Shucking oysters can be very dangerous if you do not use the proper technique. With a little practice, you will be the perfect one to shuck oysters in no time. To begin shucking, hold an oyster firmly in your palm with the curve of the shell facing down. It is recommended to wear gloves or cover your hands with a towel. With an oyster knife or any blunt, small knife, slide the end into the groove between the top and bottom of oyster to the back hinge. Slide the knife around to the other side while holding the oyster over a bowl. Twist the shell open and allow the liquid to drain into the bowl. You can free the oyster from the shell by running the knife under the oyster to cut the muscle that connects it to the bottom of the shell. Leave the oyster on the shell and place it on a tray of ice until you have completed shucking all oysters.
Oysters With Tomato-Fennel Relish
This recipe serves 8 with 2 oysters each. The relish can be made up to 24 hours in advance.
What You Need:
- ½ cup plum tomatoes, chopped and seeded
- ½ cup fennel bulb, finely chopped
- ½ teaspoon orange peel, finely shredded
- 1 tablespoon orange juice
- 2 teaspoons olive oil
- 1 ½ teaspoon fresh chives
- 1/8 teaspoon salt
- 16 fresh oysters in shells
- 2 cloves garlic, minced
- 1 tablespoon butter
How To Make It:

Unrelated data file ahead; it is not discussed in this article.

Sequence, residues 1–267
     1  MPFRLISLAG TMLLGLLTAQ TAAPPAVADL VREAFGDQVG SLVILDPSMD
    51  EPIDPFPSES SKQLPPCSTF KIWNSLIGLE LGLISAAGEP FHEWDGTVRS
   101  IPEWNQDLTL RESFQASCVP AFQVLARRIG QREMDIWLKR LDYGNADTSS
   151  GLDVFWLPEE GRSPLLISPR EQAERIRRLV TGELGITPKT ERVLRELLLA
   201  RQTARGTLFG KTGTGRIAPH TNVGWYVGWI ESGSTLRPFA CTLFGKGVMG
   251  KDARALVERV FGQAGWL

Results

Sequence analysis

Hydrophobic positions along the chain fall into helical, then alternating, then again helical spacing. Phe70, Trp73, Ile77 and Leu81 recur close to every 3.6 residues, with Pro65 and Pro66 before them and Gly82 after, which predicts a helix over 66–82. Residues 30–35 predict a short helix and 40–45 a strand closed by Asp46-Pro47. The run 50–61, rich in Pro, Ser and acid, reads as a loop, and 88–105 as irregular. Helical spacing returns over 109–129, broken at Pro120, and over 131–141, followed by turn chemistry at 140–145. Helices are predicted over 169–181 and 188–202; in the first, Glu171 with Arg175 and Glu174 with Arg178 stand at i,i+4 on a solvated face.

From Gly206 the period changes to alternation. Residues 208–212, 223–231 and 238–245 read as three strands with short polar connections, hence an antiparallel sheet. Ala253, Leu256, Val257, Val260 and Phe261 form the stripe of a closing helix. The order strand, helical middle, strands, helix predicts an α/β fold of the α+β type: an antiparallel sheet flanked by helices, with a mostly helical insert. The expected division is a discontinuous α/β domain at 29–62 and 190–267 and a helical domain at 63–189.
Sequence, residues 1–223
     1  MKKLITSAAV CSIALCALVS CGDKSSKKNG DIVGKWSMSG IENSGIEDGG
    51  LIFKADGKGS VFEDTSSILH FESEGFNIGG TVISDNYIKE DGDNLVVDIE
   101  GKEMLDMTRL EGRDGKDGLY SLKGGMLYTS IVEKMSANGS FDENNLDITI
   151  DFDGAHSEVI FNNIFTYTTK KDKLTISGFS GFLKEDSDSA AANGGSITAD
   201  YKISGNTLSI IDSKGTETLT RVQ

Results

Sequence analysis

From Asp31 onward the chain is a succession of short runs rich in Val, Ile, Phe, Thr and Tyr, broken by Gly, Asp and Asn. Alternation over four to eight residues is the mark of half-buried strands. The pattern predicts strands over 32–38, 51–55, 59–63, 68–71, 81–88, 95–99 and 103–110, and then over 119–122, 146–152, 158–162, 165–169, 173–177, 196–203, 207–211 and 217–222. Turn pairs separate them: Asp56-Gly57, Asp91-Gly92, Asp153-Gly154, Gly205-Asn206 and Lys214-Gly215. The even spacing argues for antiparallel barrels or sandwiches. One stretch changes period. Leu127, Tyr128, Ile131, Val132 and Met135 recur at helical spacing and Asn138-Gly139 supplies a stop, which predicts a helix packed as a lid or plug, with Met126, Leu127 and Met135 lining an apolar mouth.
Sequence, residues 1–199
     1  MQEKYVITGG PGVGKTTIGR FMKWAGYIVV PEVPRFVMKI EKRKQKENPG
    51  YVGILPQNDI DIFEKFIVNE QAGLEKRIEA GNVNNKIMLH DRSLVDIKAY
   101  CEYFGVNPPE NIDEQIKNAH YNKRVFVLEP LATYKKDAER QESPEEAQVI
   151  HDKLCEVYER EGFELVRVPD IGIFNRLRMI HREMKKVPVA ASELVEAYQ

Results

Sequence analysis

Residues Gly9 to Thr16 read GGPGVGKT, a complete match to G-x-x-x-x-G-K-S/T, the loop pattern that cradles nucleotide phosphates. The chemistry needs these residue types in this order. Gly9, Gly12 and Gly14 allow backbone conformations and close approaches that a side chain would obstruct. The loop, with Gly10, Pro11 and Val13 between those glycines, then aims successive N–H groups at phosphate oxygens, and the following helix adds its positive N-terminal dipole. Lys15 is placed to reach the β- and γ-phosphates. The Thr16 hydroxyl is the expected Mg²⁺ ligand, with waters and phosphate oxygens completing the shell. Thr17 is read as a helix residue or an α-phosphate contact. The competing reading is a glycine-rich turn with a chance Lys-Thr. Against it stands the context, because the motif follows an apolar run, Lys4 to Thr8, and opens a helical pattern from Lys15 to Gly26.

In a small bowl, combine the tomatoes, orange juice, orange peel, fennel, olive oil, salt, and chives. Cover bowl and let chill until you are ready to serve.
Wash oysters and shuck while discarding the flat top shells and washing the bottom shells.
Stir relish before serving and spoon 1 heaping tablespoon of mixture into the bottom of each shell.
Arrange your shells on a serving platter.
Cook garlic and oysters in hot butter in a large skillet for about 2 to 3 minutes or until the edge of the oysters curl and their surfaces begin to brown.
Place each cooked oyster on top of relish mixture in each oyster shell. Serve straight away.
Christine Szalay-Kudra is an author, food expert and mom of four boys. She is the owner of the Recipe Publishing Network a group of sites dedicated to fine food and information for cooks. When not busy with her business you can find her sharing on one of these social networks at her own URL: http://www.recipepublishingnetwork.net/
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This article is for informational purposes only. No endorsements apply.